Diagnostic powerhouse Roche (Basel, Switzerland) said Wednesday it has been granted a preliminary injunction from an Arizona district court enjoining Ventana Medical Systems (Tucson, Arizona) from enforcing certain anti-takeover provisions related to Roche’s hostile $75-a-share takeover offer.

Roche also said it would extend its offer to buy Ventana until Sept. 20.

The company has had trouble generating interest in its tender offer, brought on no doubt in large part by its steadfast refusal to raise its offering price. As of the close of business Tuesday, about 13,430 shares have been tendered in the offer. Ventana says it has about 34 million shares outstanding.

Roche extended the tender offer once before. It was previously scheduled to expire Thursday.

The hostile takeover bid, valued at about $3 billion, was first disclosed publicly at the end of June (Medical Device Daily, June 27, 2007), after months of fruitless private advances.

Ventana has repeatedly rejected the bid, calling it “inadequate in multiple respects,” and the method used in its offer “high handed” (MDD, July 12, 2007). CEO Christopher Gleeson has told Ventana investors they should not cash out their shares at the offer price.

Ventana shares rose 11 cents to close at $82.38 Tuesday, and then gained 13 cents to $82.51 in after-hours trading, indicating that investors expect Roche to raise its per-share offering price.

When extending the offer period to Ventana shareholders this week, Roche maintained its veneer of inflexibility, saying that all other terms and conditions of the offer — including price — remain unchanged.

Roche’s decision to once again extend its unsolicited tender offer to buy all outstanding shares of Ventana for $75 a share has not swayed the Arizona company’s position on the offer.

“We remain steadfast in our position that Roche’s offer is wholly inadequate and our board of directors continues to recommend that stockholders not tender any of their shares to Roche,” Ventana said in a company statement. “Roche’s offer remains significantly below our current stock price, even with the recent tumultuous market conditions, proving that the market agrees that the offer fails to reflect the inherent value of the company, its steady growth momentum, and the magnitude of the synergies that would be unlocked in a combination with Roche. Ventana is an extraordinary company which, given the increasing focus on and significant value of companion diagnostics to pharmaceutical companies, is uniquely poised to benefit from the potential in the future of personalized medicine.”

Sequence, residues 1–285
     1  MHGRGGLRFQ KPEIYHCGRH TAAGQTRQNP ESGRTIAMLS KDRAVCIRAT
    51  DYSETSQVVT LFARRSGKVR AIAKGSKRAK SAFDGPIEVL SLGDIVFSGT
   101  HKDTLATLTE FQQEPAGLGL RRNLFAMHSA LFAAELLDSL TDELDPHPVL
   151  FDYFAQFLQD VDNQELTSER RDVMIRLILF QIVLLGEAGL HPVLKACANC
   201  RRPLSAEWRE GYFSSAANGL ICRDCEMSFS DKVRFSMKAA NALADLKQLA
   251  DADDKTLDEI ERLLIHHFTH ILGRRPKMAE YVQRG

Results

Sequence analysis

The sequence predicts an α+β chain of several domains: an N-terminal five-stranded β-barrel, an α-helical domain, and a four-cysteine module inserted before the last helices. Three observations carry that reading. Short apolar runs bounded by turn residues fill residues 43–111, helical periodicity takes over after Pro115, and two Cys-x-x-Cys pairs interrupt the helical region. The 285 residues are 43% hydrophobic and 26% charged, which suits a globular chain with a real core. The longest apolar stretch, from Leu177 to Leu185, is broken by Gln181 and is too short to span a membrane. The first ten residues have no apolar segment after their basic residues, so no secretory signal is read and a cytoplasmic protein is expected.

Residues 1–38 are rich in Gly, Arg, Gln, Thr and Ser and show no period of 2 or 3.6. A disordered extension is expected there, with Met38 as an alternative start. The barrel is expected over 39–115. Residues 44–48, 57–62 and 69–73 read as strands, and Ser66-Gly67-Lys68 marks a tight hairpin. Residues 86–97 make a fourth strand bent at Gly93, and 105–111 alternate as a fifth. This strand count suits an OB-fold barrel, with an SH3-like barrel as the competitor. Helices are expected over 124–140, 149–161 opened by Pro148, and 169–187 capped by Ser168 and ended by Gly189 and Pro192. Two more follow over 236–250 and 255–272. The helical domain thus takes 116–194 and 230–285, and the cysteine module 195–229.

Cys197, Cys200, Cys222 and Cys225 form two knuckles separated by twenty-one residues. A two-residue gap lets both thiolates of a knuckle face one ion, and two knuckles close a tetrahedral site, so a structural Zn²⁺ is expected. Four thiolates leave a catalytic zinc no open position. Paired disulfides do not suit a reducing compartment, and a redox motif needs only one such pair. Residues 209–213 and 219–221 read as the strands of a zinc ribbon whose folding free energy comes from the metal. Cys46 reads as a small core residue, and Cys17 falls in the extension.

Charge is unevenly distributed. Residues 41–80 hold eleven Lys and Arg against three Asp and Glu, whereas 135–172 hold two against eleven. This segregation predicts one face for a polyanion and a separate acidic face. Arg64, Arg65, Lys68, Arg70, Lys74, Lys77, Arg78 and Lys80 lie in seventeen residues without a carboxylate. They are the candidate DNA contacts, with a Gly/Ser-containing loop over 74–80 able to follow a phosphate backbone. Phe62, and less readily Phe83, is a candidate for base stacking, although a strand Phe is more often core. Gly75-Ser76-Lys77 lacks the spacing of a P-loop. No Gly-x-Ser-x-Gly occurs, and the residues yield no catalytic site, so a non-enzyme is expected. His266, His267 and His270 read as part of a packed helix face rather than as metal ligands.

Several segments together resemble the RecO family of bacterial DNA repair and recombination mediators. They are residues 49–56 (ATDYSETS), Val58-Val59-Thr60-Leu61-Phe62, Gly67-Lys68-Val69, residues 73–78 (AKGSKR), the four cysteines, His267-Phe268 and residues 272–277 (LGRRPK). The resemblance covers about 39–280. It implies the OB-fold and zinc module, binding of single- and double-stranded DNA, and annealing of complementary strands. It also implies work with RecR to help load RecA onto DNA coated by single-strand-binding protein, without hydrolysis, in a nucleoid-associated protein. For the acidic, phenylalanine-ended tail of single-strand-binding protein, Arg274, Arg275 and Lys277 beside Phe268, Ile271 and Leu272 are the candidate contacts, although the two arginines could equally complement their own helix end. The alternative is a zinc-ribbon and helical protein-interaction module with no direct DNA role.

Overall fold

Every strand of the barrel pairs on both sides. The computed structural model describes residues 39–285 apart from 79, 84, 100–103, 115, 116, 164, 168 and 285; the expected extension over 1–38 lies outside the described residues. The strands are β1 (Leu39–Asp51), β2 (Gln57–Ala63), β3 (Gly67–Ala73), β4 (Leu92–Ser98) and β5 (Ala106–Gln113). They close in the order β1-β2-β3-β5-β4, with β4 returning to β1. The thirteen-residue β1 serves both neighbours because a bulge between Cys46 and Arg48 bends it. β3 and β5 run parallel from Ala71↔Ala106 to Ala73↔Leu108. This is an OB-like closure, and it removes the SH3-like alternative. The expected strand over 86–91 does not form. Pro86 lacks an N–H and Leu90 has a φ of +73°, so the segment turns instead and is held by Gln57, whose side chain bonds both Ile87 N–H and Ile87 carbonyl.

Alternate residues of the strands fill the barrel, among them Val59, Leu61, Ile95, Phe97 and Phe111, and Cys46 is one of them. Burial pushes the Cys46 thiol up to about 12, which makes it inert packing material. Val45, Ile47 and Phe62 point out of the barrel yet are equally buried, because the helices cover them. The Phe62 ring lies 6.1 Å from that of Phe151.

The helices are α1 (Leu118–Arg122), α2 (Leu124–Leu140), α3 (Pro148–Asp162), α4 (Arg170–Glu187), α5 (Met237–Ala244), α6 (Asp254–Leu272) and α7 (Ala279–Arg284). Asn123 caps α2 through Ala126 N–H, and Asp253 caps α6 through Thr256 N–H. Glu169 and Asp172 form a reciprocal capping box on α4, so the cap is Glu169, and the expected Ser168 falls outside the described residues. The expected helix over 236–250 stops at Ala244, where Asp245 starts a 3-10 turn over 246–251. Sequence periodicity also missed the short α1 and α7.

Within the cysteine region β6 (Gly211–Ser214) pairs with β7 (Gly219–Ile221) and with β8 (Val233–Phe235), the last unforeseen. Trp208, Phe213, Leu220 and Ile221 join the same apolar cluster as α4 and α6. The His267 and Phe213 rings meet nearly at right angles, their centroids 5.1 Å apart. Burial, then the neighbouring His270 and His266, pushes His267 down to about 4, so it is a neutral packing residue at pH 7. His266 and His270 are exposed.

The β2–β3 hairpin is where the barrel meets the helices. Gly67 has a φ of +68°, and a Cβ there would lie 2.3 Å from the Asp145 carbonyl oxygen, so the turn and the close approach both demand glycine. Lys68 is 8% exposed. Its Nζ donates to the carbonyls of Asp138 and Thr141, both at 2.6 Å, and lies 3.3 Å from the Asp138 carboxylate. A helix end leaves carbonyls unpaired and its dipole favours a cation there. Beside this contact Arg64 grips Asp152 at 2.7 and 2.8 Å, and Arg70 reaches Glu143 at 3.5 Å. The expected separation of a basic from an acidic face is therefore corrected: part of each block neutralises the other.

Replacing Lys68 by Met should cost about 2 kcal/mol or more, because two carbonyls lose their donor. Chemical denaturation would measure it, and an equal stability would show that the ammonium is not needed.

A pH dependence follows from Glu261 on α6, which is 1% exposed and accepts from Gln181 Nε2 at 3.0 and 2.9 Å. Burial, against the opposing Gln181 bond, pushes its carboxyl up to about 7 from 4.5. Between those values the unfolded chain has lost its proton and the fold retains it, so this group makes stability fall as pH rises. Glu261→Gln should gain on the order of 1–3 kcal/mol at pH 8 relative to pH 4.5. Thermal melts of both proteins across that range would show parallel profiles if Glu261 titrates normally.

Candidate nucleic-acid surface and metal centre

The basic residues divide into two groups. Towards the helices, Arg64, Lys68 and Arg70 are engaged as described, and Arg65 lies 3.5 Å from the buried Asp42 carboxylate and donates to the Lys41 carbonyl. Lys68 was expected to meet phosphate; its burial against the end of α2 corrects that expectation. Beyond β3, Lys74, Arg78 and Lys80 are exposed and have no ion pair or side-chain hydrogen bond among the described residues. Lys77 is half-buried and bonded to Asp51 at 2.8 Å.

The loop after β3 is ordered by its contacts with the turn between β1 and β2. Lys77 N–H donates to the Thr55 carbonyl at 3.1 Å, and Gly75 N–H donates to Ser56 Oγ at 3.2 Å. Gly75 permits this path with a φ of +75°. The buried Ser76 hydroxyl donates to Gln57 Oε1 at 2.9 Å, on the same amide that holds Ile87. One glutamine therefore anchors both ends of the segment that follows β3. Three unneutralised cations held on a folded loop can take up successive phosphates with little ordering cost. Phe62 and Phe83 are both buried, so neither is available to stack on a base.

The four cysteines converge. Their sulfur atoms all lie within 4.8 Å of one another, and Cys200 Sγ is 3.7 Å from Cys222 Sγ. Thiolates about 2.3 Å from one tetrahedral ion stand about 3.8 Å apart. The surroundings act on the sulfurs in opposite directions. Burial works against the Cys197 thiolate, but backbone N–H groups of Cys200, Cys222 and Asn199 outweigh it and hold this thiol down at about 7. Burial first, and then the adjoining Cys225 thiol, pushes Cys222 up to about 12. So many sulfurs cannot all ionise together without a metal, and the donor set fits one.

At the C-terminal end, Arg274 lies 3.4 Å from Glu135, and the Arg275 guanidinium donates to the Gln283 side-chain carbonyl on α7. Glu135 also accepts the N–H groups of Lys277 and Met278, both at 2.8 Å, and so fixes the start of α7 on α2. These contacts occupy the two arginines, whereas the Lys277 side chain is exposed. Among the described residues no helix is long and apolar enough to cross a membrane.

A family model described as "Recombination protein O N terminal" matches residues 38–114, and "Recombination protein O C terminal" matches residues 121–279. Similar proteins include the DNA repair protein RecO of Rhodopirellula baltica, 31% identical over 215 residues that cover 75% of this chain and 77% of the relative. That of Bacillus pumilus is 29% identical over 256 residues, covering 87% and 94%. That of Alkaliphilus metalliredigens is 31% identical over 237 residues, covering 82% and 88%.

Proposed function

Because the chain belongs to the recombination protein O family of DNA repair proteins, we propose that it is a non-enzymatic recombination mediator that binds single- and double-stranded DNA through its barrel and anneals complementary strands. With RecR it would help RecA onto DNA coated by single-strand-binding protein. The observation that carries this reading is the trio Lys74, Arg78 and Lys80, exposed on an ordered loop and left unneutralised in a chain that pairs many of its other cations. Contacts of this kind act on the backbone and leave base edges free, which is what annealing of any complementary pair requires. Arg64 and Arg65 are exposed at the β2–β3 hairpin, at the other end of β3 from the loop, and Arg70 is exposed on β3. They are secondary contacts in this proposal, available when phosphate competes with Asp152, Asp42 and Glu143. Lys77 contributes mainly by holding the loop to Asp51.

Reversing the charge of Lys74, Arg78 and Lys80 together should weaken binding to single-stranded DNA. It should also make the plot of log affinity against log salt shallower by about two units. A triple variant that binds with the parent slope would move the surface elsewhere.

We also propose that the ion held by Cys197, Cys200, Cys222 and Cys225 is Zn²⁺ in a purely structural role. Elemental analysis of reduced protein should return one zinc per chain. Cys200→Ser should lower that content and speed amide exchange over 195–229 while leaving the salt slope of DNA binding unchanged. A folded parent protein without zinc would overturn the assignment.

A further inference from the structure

Roche wants the deal to broaden its diagnostics business, one of the fastest-growing industries in the pharmaceutical sector.

Roche’s rationale to take over Ventana is part of the company’s strategy to buy midsize and small companies whose diagnostic products allow the Swiss firm to target drugs to individual patients and also bring drugs earlier to the market. Ventana argues that it can produce more shareholder value as a standalone company, given the firm’s cutting-edge technology and global reach.